6 Easy Ways to Remove Gum from Your Clothes and Hair

iStock
iStock

You already know that water is useless when it comes to the torture of finding a wad of gum stuck to your hair or clothes. But why? Gum is a hydrophobic material, meaning it doesn't mix with or dissolve in water (for the same reason, your saliva won't break down gum when you chew it). Of course, this means that to remove it from your pants, your shoes, your couch, or your hair, you'll have to find a substance that it will respond to—specifically, other hydrophobic materials. Read on for six items to reach for when disaster strikes.

1. VINEGAR

Bottle of apple cider vinegar.
iStock

Apple cider vinegar is a popular all-purpose, inexpensive, antimicrobial house cleaner—and its miracle-working skills include gum removal. To save jeans, T-shirts, other items of clothing, or even carpets and upholstery, heat a quarter-cup of ACV in the microwave. Dip the section of clothing in the warm vinegar, or dab a bit onto the carpet or upholstery, and then, depending on the amount of gum that needs to be removed, pick your tools. For larger gobs, start by scraping with a small, blunt tool, like a butter knife or a cuticle spoon. Then grab an old toothbrush and start brushing. In less than a minute, the remainder of the gum will be off your fabrics and balled up in the bristles. (Note: This will ruin a toothbrush, so keep some spare used ones in the cleaning closet just in case.) Once the gum is gone and the brush is destroyed, send it off to be recycled.

2. PEANUT BUTTER

Close-up of peanut butter.
iStock

The idea of having peanut butter in your hair is only barely more appealing than gum, but the fats and oils in the spread are exactly what make it good for this task. Rub a couple of tablespoons of creamy (not crunchy!) peanut butter around the affected clumps of hair, and wait for eight to 10 minutes. On a molecular level, peanut butter is made up of mostly carbon and hydrogen, which makes it hydrophobic. Since gum is also hydrophobic, they basically cancel each other out (there's a saying in chemistry that "like dissolves like"). As they interact, you'll be able to slowly remove the wad from your hair, sans scissors. Once all of the gum has been pulled out, wash your hair as usual.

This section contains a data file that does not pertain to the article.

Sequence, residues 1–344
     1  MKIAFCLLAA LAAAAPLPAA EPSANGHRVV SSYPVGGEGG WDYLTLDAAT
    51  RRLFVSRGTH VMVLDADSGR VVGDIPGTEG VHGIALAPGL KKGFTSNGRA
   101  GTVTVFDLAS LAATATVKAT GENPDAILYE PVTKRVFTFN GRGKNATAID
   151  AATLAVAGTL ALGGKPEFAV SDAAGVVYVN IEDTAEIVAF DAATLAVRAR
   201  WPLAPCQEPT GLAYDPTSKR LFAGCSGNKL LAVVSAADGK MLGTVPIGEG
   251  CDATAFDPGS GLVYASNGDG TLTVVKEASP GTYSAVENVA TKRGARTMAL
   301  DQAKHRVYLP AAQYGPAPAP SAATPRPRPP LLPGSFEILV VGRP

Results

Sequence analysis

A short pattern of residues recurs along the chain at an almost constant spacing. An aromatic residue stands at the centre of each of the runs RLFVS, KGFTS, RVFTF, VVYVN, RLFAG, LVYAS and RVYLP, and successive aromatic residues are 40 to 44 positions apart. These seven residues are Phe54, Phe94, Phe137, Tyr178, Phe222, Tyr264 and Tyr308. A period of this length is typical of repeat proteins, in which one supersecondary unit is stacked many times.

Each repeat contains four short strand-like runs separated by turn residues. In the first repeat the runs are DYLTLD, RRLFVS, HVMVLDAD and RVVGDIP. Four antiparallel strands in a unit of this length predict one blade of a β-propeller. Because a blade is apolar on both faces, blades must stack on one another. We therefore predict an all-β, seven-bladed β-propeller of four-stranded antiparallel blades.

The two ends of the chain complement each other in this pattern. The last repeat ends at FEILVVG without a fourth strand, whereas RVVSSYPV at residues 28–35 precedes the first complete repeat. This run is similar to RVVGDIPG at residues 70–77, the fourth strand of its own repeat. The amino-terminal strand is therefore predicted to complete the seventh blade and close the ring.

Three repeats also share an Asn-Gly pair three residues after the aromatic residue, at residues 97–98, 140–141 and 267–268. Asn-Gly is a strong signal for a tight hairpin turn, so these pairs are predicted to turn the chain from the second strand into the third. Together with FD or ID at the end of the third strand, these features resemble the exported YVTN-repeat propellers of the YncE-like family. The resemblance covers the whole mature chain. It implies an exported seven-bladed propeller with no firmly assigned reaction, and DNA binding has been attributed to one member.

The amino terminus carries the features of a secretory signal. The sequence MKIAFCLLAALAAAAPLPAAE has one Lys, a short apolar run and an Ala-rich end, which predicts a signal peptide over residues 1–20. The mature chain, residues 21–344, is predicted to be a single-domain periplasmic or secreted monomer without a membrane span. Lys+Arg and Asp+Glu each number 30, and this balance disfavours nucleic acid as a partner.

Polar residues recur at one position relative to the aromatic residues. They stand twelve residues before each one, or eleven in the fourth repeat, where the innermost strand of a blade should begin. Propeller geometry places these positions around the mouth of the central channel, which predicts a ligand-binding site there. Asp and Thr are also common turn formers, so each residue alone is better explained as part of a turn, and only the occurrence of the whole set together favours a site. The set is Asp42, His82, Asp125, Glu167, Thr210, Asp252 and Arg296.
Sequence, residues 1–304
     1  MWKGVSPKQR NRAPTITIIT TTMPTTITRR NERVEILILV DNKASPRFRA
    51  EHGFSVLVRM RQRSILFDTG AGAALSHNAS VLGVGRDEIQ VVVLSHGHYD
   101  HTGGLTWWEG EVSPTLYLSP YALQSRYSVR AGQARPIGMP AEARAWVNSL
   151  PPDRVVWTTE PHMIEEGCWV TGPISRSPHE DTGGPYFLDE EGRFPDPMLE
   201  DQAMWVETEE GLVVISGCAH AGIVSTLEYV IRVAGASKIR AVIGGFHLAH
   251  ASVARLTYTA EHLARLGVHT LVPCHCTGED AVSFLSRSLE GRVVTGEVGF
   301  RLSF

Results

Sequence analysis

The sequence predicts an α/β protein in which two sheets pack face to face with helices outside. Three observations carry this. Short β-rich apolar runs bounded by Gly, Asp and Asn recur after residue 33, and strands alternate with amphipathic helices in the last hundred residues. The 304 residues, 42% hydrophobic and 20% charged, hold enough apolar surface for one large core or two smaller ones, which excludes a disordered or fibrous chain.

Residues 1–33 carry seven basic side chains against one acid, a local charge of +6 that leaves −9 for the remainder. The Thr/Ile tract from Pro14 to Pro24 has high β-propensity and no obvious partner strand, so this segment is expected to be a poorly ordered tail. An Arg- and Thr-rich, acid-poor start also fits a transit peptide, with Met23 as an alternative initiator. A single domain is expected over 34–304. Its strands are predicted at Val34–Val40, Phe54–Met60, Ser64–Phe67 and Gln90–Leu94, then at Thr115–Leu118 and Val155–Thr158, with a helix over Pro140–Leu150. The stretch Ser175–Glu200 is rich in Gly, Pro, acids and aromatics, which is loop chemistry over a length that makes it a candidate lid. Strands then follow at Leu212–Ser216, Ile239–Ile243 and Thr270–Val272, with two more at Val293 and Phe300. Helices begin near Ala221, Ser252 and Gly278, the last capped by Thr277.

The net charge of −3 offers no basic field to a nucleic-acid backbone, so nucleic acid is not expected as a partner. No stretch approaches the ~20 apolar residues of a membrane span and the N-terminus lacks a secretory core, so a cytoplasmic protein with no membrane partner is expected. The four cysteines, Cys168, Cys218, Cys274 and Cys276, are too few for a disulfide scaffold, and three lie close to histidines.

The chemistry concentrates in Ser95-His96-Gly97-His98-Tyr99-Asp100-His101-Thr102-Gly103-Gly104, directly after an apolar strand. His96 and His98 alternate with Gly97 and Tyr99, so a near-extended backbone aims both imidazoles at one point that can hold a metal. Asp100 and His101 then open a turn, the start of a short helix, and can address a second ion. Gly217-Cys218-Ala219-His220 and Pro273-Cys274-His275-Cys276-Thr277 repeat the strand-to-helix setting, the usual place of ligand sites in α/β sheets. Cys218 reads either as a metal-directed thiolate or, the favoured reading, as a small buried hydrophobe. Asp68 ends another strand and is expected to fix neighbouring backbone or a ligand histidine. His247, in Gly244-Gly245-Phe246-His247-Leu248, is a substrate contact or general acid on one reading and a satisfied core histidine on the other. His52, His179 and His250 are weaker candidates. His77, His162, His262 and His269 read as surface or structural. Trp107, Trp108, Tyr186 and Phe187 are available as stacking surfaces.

3. OLIVE OIL

Olive oil in a glass bowl.
iStock

For anyone with a nut allergy who would sooner chop off inches than smear peanut butter into their hair or skin, olive oil has the same solvent properties as PB, without all the goopiness. Olive oil (or canola or vegetable oil as well) is especially helpful for removing gum from eyebrows or eyelashes.

4. OIL-BASED CLEANSERS

Bottle of oil cleanser.
iStock

Oil-based cleansers, intended to remove certain types of makeup or lotions, work on gum the same way peanut butter does. Many moisturizers, creams, and ointments are made with liquid paraffin, a highly refined mineral oil made of saturated hydrocarbons. Using an oil-based facial cleanser works well on these oily products because they're both non-polar solvents—if you apply a heavy nighttime moisturizer, it's most effective to use a cleansing oil to wipe it off in the morning. So, if you're already a cleansing oil devotee, removing gum (also a non-polar solvent) from hair or skin with it might not seem too bad. Dermalogica even advertises their PreCleanse oil as being an effective chewing gum remover, and had a beauty blogger test out their claims (spoiler: it totally worked!).

5. PETROLEUM JELLY

Jar of Vaseline petroleum jelly.
iStock

A more common medicine cabinet find that also works is petroleum jelly (like Vaseline), which is a safe, non-abrasive lubricant that is also often recommended for removing much harsher substances than gum—like tar. It's a cheap, gentle solution to use, especially if a large bubble pops all over your face, or you wake up from a nap with an accidental web of stringy gum stuck to your hair, face, or arms.